SF: Yeah. Hundred percent, couldn’t agree more.
JK: So what I find with this too is, you have a balancing metric that really helps prevent those inadvertent behaviours, right? And we have schedule compliance, we put in percentage planned time beside it so we can see how much time are they spending on planned work versus what their schedule compliance is, it balances it out. And I think that’s a critical thing we need to consider, is not only the data quality, but how these metrics or KPIs are driving behaviours.
SF: Yeah, exactly. And you’re bang-on with that KPI and metrics. You’re going to have many metrics that are going to impact that KPI and some of those are gonna be health check metrics. Those, let’s call them leading indicators for your KPIs that make sure those KPIs are in a healthy place. And that’s something you definitely need to keep an eye on especially at that, you know, that supervisor/manager level where, you know, you want to keep on top of that iteration of performance management, right? Tie it right back to that first bit. It’s that enabling and the coaching. And then you measure. And if that measurement’s a little off, right, you re-enable and you coach. And that’s where you’re really going to drive consistency and health in your metrics.
JK: Now with that, should we be using leading, lagging, or both?
SF: I have yet to come up against a situation where I wasn’t able to justify why you should be using both. Lagging metrics are setting those larger targets, and by identifying those larger targets, you can drill down to your leading metrics and manage towards those. And the same with those health check targets, those are lagging, but you need to keep on top of those lagging metrics as a health check. So there’s always going to be room for both.
And if you’re at a point where you have enough lagging metrics to review on a certain set basis, and you have leading metrics that you’re managing towards on a daily basis, you’ll be in a really good place to positively influence that lagging metric that you really care about. Or worst case, you’re going to know when those metrics are going to be trending in the wrong direction based off of your leading metrics.
JK: Yes absolutely. I always find you’ve got to use the combination of the two as well.
Should we have different KPIs at different levels of the organization or if the organization is focused on OEE, should that be everyone’s performance measure, I guess.
SF: I think the KPIs, there’s an argument for both here, but I believe that KPIs should be the same and different at all levels. You mentioned performance managed against, I think that’s where I would kind of draw the line. If OEE is what the plant cares about, everybody needs to care about OEE, no matter what level of the organization you’re at. But what you are coached on and managed against on a day-to-day basis has to be something a little more meaningful to what you’re doing, right? So as that operations team or as that maintenance team, what can you do on a day-to-day basis to make OEE increase? Or hold where it is, or whatever your target or your goal is.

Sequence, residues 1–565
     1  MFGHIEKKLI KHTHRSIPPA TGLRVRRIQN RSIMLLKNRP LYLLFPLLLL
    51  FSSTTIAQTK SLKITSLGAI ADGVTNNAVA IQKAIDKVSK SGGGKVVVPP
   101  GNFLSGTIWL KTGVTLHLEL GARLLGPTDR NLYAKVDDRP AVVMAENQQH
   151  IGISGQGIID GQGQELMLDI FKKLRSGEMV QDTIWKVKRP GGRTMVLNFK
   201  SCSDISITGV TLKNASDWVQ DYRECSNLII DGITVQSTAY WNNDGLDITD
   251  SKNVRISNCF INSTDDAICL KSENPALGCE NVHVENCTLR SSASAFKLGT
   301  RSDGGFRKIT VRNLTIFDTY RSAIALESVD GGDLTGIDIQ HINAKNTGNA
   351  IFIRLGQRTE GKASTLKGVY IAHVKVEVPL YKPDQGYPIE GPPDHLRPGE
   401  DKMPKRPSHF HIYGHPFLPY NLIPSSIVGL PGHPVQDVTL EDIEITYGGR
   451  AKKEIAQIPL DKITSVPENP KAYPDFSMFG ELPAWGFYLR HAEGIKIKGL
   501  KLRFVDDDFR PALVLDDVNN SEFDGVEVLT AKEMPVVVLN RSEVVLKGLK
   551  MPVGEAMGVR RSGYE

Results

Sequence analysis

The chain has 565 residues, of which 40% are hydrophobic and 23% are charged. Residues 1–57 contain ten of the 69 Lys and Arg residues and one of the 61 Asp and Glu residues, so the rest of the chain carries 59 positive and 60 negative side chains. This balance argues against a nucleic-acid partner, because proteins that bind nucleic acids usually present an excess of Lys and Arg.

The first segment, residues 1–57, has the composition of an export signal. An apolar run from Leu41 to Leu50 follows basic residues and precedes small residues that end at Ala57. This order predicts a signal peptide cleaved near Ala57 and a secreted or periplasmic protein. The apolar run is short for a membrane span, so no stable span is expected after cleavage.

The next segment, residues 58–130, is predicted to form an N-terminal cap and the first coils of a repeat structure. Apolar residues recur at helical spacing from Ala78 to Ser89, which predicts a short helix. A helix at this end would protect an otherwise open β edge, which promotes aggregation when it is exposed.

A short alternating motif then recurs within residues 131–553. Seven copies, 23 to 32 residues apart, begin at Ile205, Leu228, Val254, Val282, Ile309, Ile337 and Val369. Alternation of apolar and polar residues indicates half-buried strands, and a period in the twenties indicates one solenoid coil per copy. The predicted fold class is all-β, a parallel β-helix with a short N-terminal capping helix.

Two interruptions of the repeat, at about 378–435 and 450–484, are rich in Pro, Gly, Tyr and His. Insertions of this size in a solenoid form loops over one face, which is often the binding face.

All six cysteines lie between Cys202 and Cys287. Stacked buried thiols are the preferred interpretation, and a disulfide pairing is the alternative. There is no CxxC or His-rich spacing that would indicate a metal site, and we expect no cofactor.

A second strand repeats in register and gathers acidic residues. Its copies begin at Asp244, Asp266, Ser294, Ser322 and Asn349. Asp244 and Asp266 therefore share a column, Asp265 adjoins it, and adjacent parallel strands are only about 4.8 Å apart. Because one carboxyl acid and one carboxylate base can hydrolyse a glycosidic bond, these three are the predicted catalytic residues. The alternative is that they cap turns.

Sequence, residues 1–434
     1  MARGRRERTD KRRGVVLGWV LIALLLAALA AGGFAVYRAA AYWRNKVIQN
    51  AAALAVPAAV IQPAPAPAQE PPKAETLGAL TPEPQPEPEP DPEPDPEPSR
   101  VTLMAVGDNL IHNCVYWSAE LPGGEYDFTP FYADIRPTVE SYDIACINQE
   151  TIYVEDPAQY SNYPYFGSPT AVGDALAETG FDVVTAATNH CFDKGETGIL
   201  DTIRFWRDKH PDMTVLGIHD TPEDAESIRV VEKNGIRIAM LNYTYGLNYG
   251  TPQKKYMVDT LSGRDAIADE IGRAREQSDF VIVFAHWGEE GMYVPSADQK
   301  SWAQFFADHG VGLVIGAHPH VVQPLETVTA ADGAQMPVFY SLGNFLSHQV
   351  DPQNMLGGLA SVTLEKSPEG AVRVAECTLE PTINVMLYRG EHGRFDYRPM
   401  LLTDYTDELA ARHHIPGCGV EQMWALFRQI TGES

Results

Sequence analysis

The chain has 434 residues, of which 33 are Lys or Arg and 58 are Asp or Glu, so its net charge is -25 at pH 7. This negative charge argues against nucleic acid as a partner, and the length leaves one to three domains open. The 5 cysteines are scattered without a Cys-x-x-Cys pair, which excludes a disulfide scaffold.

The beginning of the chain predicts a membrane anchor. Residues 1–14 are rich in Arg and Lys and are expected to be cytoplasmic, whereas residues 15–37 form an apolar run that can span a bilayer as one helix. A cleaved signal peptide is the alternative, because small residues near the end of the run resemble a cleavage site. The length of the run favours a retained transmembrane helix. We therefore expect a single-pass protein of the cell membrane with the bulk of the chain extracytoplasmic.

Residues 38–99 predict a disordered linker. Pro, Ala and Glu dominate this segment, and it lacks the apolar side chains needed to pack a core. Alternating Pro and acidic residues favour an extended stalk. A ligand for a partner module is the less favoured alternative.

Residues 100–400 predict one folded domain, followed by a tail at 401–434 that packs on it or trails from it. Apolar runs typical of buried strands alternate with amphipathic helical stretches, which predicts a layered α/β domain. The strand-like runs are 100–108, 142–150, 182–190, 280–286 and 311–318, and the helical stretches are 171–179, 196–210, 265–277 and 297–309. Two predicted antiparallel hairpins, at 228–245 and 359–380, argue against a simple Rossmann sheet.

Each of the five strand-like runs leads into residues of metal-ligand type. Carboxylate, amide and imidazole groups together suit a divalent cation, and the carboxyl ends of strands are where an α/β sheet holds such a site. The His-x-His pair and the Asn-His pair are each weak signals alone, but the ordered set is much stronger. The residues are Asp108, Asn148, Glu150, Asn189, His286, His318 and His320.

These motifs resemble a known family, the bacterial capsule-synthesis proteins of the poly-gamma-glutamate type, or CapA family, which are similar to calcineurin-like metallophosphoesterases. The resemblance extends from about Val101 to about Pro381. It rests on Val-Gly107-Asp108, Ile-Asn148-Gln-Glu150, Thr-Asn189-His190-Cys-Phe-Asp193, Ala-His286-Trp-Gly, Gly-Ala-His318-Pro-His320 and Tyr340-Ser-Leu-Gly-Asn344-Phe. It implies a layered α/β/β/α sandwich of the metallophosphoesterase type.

So for example, you know, OEE might be the biggest influence that we’ve agreed the maintenance team can make on OEE is minimizing breakdowns. But how do you tell the maintenance team, “Hey guys, don’t have any breakdowns”. Fine, we’ll pencil-whip them, right? So you need to get to those metrics that are gonna make a difference. So yes we’re tracking OEE, yes we’re tracking breakdowns, but on a day-to-day basis I’m worried about schedule compliance and, you know, response time or defects fixed. So we can grab those breakdowns before they become an issue.
JK: Yes, absolutely. Like you said, you know, everyone might be focused or have the awareness of that OEE, but we’ve got to break it down to the individual levels. The technician on the floor in his day-to-day job isn’t going to influence OEE. He’ll be able to influence metrics that as they work together with other metrics, you know, influence that KPI as well as a planner, or maintenance plan or maintenance schedule. They will be having to do different things each day, each week that you drive OEE. But we need to make sure that they’re measured on those things that are relevant to them, that they can influence, that they can actually see the performance increase or decrease based on their own individual performance.
SF: Yes. Couldn’t agree more. And those metrics and those things that they’re tracking every day, we talk about all different levels of the organization. Those still start at the top. You define that target at the top and then it’s on those different management levels to define what the target is for each level and how that directly ties in and influences that end-all, be-all target for the organization. And as long as there’s a clear path to how the metrics that you’re gauged on is going to impact that metric the site is gauged on, you’re gonna have that very clear communication line and some transparency as to why you’re doing what you’re doing every day.